Other than being dividend stocks, what do Pepsi (NASDAQ:PEP) and Fortis (TSX:FTS)(NYSE:FTS) have in common?
The dividend stocks have resilient earnings. They are Dividend Aristocrats with a track record of dividend increases. Pepsi and Fortis pay dividends that are sustainable. They offer nice yields of about 3-4%
I use a method that suggests good stock price ranges to buy this type of dividend stocks at. Recently, I have used exactly this method to buy shares of Pepsi and Fortis. I’ll explain the method later in this article. First, let’s go through the above commonalities in more detail.
The graphs below show Pepsi stock and Fortis stock as companies with resilient earnings. They clearly show their earnings stability through economic cycles.
Over the last 20 years or so, there were very few years in which they experienced earnings decline. Even when there were declines, the declines were small. And they’re able to recover the earnings and resume growth fairly quickly.
Other than having earnings that tend to grow over the years, Pepsi and Fortis keeping their payout ratios sustainable is another reason they have maintained long and healthy streaks of dividend increases.
Pepsi has increased its dividend for 49 consecutive years. Its payout ratio was 73% in 2020. This is a sustainable payout ratio given the quality of its earnings.
PEP’s five-year dividend growth rate is 7.8%. Currently, it’s estimated to grow its earnings per share by about 8% per year over the next three to five years. So, I expect its dividend to continue growing in the 7-8% range in that period.
Fortis’s dividend has climbed for 47 consecutive years. Its 2020 payout ratio was 75%. Again, this is sustainable given its earnings stability.
Fortis’s five-year dividend growth rate is 6.8%. Management forecasts to grow its dividend annually by about 6% through 2025. Given the regulated nature of the utility, there should be no suspense there.
When Should You Buy Dividend Stocks like Pepsi or Fortis?
Businesses change over time. I find that looking at the five-year dividend yield history of dividend stocks like Pepsi and Fortis provides good price ranges for entry.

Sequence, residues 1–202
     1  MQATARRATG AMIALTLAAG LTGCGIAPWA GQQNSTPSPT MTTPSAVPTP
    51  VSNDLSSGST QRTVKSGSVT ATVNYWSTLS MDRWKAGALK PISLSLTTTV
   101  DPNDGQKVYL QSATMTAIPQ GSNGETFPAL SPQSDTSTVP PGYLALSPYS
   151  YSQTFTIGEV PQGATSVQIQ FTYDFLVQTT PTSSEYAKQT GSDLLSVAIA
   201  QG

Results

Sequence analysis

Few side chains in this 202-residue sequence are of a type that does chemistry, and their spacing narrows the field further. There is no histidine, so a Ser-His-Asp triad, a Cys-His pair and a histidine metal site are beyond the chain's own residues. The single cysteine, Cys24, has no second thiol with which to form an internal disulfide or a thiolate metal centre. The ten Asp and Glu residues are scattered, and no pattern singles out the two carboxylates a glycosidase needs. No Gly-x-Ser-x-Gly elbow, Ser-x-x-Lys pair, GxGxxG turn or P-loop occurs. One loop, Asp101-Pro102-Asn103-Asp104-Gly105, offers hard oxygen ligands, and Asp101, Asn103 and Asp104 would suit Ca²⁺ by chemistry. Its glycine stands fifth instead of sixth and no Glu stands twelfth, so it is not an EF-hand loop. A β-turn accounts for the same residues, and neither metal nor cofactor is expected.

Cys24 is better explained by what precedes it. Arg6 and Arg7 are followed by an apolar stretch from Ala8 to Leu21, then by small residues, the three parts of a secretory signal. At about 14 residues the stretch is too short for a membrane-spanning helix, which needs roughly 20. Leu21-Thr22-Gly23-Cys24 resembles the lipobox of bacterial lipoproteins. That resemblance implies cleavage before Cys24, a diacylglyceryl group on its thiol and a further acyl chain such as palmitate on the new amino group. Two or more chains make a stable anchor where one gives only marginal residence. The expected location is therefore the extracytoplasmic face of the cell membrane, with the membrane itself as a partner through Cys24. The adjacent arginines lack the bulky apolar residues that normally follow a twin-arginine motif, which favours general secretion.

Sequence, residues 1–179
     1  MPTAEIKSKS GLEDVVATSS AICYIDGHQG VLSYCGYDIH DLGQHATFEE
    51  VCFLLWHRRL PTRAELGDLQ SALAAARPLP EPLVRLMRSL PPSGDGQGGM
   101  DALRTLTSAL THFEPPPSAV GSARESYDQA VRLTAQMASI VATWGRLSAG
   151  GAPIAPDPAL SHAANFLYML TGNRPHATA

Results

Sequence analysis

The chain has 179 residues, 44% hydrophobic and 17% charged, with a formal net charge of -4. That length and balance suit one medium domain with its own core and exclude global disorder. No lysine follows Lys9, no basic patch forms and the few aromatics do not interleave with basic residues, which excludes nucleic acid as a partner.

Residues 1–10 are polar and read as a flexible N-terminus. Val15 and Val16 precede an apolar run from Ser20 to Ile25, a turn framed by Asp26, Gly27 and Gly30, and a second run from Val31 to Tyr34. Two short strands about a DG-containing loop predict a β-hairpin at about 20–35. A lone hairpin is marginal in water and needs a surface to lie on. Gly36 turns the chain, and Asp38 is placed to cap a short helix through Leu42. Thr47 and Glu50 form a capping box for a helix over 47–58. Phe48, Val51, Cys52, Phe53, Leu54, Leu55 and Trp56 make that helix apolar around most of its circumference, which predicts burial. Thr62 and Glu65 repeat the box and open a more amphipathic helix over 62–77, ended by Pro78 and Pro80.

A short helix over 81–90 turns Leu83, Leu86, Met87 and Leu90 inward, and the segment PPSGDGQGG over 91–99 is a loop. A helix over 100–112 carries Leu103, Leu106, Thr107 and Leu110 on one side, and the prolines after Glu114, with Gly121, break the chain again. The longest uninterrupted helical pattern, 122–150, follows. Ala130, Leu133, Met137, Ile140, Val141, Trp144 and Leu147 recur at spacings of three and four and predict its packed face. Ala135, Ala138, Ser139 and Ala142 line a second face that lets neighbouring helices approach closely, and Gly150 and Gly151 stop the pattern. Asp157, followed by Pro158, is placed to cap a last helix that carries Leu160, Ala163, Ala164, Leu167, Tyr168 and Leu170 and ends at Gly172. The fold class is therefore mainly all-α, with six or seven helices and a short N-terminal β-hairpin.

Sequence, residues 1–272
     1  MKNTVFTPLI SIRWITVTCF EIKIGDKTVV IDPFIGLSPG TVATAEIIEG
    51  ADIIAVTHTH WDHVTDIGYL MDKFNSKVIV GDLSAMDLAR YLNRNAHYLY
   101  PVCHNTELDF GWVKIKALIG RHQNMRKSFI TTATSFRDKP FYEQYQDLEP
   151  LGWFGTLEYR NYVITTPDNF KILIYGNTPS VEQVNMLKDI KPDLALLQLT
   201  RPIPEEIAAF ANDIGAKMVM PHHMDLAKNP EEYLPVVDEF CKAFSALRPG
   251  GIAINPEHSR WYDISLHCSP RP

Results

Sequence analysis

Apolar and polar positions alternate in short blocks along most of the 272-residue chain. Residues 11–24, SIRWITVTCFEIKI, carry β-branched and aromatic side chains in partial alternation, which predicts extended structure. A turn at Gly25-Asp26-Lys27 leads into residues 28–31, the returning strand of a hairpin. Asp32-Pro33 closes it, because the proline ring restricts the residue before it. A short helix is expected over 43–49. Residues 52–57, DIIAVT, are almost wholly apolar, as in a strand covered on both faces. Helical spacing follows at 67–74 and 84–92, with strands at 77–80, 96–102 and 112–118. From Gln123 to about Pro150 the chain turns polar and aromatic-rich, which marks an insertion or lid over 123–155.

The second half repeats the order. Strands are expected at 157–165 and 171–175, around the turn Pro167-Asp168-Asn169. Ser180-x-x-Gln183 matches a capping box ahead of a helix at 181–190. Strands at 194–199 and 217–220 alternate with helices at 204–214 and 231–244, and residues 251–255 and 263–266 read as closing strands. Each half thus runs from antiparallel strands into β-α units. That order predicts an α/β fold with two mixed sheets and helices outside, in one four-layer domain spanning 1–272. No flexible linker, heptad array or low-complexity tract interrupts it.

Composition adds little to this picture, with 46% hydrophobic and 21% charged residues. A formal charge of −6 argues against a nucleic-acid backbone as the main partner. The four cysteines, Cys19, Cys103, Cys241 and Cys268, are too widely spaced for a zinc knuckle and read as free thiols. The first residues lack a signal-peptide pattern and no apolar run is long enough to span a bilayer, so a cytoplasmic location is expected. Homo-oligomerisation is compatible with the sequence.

The chart below illustrates that dividend-growth stock, Pepsi, tends to reach a yield of about 3.2% before the yield comes back down, which is when the stock price goes up.
PEP Dividend Yield data by YCharts
Fortis’s case is similar, except its yield point is about 4%.
FTS Dividend Yield data by YCharts
You’ll notice that I’m not trying to buy the dividend stocks at the best prices. If I try to aim for the lowest prices and highest yields, I might miss the buying opportunities. Instead, my goal is to buy them at attractive prices and yields.
With this method, along with some other tools I use for analysis, I bought
- Pepsi stock at $131.62 per share for an initial yield of 3.1% on March 1, 2021, and
- Fortis stock at CAD$49.05 per share for a starting yield of 4.1% on February 26, 2021
I alerted these trades in real time to my subscribers here.
Wait… Pepsi’s yield wasn’t at 3.2%, but I bought it anyway. Was I not disciplined enough? Nope, it’s just that I was eyeing PEP’s dividend increase that’s expected by May, which is coming real soon. As long as it hikes the dividend by at least 3%, I’ll get that minimum target yield of 3.2%.
I’m also happy to share that Fortis will also increase its dividend soon-ish; it’s expected to declare a dividend increase in September.
This method is working beautifully for these trades already. As of writing, that is, within a month, Pepsi stock has appreciated 8.4% to $142.70, while Fortis stock is up 11.5% to CAD$54.70. Recall that the long-term average market returns are 7-10%. That’s the market return right there!
With dividend-growth stocks like Pepsi and Fortis that have a track record of stable earnings and sustainable dividends, you can explore the five-year yield method to determine if they’re good buys
Remember that you’re not trying to get the best prices because doing so could make the opportunity slip away from you. Securing a buy at attractive prices/yields should suffice for satisfactory income and returns.
Notably, this method will break down in extreme market conditions, such as during market crashes. However, if you use this method for the discussed type of defensive dividend stocks, your investment should still do well over a long-term investment horizon.
Share Your Thoughts
I’d love to hear from you! Do you have other dividend stocks in mind that you think the five-year yield method will be useful?
If you like what you've just read, consider subscribing via the "Subscribe Here" form at the top right so that you will receive an email notification when I publish a new article.Disclosure: As of writing, we own shares of FTS and PEP.
Disclaimer: I am not a certified financial advisor. This article is for educational purposes, so consult a financial advisor and or tax professional if necessary before making any investment decisions.
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